The STAMP structural comparison algorithm that was used to generate the reference alignments in this study provides a measure of structural similarity (Sc) which takes account of distance and conformational similarity, for each pair of proteins [13]. The correlation between Sc and PID1 to PID4 when calculated for the reference alignment is shown in Table 1. PID2 was the least correlated (r = 0.82), while PID4 was best correlated (r = 0.86), with PID1 marginally worse (r = 0.85). This suggests the order of reliability to be PID4 ≥ PID1 > PID3 > PID2. Table 1 also illustrates correlation values for PID1-4 for sequence alignments generated by AMPS [10] for the same pairs of proteins. Although the correlations are weaker, the trend is the same. Two further measures of sequence similarity were calculated for each pair of sequences. The Normalised Alignment Score (NAS) [9] was calculated by applying the BLOSUM62 matrix to the alignment, subtracting penalties for internal gaps, then dividing by the number of positions not aligned with gap. The Z-score was calculated by shuffling each sequence 100 times and comparing the shuffled sequences by the dynamic programming alignment algorithm [9]. The Z-score is given by:

<a onClick="popup('','MathML',630,470);return false;" target="_blank" href="">View MathML</a>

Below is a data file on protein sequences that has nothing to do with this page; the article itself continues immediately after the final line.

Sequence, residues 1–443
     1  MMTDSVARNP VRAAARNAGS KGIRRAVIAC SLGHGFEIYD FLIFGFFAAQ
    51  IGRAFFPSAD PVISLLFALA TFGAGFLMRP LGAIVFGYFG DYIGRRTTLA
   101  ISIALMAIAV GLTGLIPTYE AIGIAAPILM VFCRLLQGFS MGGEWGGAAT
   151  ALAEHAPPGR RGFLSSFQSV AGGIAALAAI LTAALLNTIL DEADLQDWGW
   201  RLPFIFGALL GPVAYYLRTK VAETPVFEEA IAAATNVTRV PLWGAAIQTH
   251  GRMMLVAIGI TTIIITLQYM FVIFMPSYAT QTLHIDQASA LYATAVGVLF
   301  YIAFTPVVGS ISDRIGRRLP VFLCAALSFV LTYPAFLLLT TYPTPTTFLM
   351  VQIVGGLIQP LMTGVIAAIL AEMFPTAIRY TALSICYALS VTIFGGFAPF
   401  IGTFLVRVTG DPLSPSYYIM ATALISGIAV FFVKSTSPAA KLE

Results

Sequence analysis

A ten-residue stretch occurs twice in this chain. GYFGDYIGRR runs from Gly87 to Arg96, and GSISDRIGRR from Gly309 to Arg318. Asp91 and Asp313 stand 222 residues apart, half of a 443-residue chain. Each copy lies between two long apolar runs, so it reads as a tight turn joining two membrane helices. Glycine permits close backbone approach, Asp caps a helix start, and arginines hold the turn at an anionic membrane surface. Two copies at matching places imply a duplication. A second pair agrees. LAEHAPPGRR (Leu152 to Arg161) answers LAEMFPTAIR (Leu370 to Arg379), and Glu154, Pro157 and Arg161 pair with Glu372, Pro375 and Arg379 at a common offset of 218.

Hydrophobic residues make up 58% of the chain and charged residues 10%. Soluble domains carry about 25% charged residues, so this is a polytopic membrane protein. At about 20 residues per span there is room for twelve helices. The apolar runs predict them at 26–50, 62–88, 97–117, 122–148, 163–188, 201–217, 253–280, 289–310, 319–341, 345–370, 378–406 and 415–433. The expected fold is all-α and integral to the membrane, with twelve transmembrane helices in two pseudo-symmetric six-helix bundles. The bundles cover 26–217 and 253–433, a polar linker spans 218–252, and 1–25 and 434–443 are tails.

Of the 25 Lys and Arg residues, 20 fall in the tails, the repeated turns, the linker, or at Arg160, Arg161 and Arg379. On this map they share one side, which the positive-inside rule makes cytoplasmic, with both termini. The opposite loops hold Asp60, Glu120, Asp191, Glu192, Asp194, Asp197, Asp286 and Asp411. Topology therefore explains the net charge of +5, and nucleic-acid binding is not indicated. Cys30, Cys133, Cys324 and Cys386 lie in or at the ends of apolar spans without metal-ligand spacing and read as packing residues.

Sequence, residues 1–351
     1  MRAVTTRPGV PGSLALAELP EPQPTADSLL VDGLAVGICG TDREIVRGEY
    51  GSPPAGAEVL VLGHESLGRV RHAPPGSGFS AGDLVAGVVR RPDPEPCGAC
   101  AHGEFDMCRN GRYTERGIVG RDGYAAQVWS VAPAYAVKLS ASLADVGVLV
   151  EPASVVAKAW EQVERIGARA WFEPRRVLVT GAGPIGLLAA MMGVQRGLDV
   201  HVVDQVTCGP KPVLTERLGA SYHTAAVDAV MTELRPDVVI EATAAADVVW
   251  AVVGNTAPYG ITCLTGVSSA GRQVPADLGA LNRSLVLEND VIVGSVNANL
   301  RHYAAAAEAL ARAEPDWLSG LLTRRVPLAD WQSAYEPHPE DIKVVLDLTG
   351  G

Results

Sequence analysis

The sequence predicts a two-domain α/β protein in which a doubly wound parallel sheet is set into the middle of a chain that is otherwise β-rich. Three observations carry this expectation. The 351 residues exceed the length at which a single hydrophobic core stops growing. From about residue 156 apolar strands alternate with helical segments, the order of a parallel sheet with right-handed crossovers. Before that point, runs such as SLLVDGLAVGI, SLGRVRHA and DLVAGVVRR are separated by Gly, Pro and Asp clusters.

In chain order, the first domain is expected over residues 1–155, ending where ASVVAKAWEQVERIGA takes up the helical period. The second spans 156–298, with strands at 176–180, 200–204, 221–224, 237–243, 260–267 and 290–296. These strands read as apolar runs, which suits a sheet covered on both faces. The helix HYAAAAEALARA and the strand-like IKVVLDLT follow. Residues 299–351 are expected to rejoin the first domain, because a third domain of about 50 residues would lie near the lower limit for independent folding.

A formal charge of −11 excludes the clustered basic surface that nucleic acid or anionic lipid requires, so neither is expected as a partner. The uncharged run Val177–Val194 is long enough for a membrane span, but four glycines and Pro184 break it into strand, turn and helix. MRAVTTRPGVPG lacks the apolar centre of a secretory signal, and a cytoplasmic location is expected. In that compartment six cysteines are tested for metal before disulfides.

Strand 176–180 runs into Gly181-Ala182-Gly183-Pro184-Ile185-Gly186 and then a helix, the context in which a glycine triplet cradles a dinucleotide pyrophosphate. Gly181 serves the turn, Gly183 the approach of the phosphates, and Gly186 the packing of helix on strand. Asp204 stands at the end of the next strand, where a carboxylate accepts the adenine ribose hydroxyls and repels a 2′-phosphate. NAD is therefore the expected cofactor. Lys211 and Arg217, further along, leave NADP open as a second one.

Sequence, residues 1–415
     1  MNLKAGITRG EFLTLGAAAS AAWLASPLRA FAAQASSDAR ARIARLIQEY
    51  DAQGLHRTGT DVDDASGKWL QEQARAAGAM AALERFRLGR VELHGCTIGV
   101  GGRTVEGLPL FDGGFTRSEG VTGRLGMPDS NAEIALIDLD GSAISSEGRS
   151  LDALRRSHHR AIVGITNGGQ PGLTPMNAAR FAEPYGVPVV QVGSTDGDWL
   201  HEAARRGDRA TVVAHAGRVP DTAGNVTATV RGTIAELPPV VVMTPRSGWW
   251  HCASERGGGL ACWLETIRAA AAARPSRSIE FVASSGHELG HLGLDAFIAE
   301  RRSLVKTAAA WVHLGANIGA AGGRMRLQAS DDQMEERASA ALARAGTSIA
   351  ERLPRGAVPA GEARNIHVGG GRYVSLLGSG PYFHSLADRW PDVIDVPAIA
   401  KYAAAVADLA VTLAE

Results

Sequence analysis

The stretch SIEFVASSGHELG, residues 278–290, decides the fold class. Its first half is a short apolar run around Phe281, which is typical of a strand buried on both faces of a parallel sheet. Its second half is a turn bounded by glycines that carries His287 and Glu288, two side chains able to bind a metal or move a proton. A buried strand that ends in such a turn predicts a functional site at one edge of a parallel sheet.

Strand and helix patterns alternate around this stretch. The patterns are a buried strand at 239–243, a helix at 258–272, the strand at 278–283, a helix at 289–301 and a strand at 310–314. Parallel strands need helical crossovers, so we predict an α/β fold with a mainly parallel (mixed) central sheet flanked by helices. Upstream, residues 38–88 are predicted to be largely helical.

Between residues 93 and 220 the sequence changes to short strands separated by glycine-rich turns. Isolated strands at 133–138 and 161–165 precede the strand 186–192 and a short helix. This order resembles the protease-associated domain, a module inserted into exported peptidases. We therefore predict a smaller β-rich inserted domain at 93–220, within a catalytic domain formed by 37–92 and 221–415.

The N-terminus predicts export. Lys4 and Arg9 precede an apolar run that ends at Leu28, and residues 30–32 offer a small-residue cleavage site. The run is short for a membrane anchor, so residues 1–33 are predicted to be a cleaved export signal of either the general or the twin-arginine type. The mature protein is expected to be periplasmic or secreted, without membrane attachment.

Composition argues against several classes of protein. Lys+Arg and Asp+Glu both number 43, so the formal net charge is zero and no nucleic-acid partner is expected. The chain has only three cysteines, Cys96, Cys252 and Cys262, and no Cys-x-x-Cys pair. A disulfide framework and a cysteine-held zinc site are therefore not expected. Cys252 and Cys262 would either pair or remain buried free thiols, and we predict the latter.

where, V is the alignment score for two sequences, σ and <a onClick="popup('','MathML',630,470);return false;" target="_blank" href="">View MathML</a> are the mean and standard deviation of distribution of scores for shuffled sequences. The Z-score has the advantage over PID scores in that it corrects for the effect of alignment length and sequence composition. Z-scores for pair-wise sequence alignments may be converted to probabilities by applying the methods described by Webber & Barton[14]. The correlation value of 0.84 suggests the Z-score to be the best measure of similarity in the absence of a structural alignment, with NAS a close second.


In this paper we have quantified the variation in reported percentage identity seen in 1028 structural alignments, due to different denominators in the PID calculation and due to alignment method. The overall conclusions are:

1. The four different PID denominators considered, gave up to 11.5% difference in PID on a single alignment in the test set.

2. Sequence alignments by three different methods resulted in variation of up to 14.6% PID on a single alginment in the test set.

3. Combination of PID calculation and alignment method led to variation of up to 22% PID on a single alignment in the test set.

4. PID calculations that take account of gaps (PID1 and PID4) were more highly correlated with the STAMP Sc score for structural similarity between the proteins, than those that do not consider gaps (PID2 and PID3).

5. All PID calculations were less well correlated with the STAMP Sc score than the Z-score obtained by comparison to shuffled sequence scores.